Touch continues to be a big topic in user experience and product development. I recently came across two articles that add great points to the continuing dialog:
This article enumerates five major pointers for designing effective touch interfaces, namely:
- Design for immediate access
- Keep gestures smart and simple
- Leverage clear mental models
- Design for real hand sizes
- Touch feedback is key
Kevin Arthur, whose site is dedicated to touch interface usability, shares a rough draft for evaluating gestures. He advocates for the need to have “reliable and repeatable evaluation techniques for gestures,” applicable to all forms of touch: touchpad, touchscreens, and free-form. The draft outlines some distinctions of gestures:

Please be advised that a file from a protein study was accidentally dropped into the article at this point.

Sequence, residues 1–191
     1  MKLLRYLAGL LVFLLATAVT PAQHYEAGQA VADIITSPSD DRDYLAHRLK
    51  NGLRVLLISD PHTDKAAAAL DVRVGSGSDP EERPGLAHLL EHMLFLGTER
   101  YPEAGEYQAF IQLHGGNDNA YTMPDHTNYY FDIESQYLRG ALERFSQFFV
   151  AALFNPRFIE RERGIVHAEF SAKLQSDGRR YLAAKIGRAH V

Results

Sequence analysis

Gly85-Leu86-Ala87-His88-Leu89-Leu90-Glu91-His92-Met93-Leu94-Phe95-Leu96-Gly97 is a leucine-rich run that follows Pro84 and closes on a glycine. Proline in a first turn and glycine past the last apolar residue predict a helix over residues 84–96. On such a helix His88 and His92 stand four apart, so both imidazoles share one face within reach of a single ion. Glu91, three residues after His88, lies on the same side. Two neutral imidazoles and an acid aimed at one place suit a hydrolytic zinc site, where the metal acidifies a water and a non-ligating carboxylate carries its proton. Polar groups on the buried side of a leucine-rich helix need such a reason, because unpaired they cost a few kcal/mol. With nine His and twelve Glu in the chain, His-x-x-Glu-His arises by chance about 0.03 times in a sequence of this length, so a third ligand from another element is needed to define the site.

- Gestures are inter-related.
- Gesture interfaces typically don’t have affordances.
- Gestures don’t just need to work — they need to not work when they’re not supposed to.
- For touch gestures things like finger size and fingernails can make a very big difference so it’s important that the test participants are representative.
I agree that there are greater considerations in testing gestures, particularly around learnability, feedback, consistency, and accuracy.
Follow the developing article.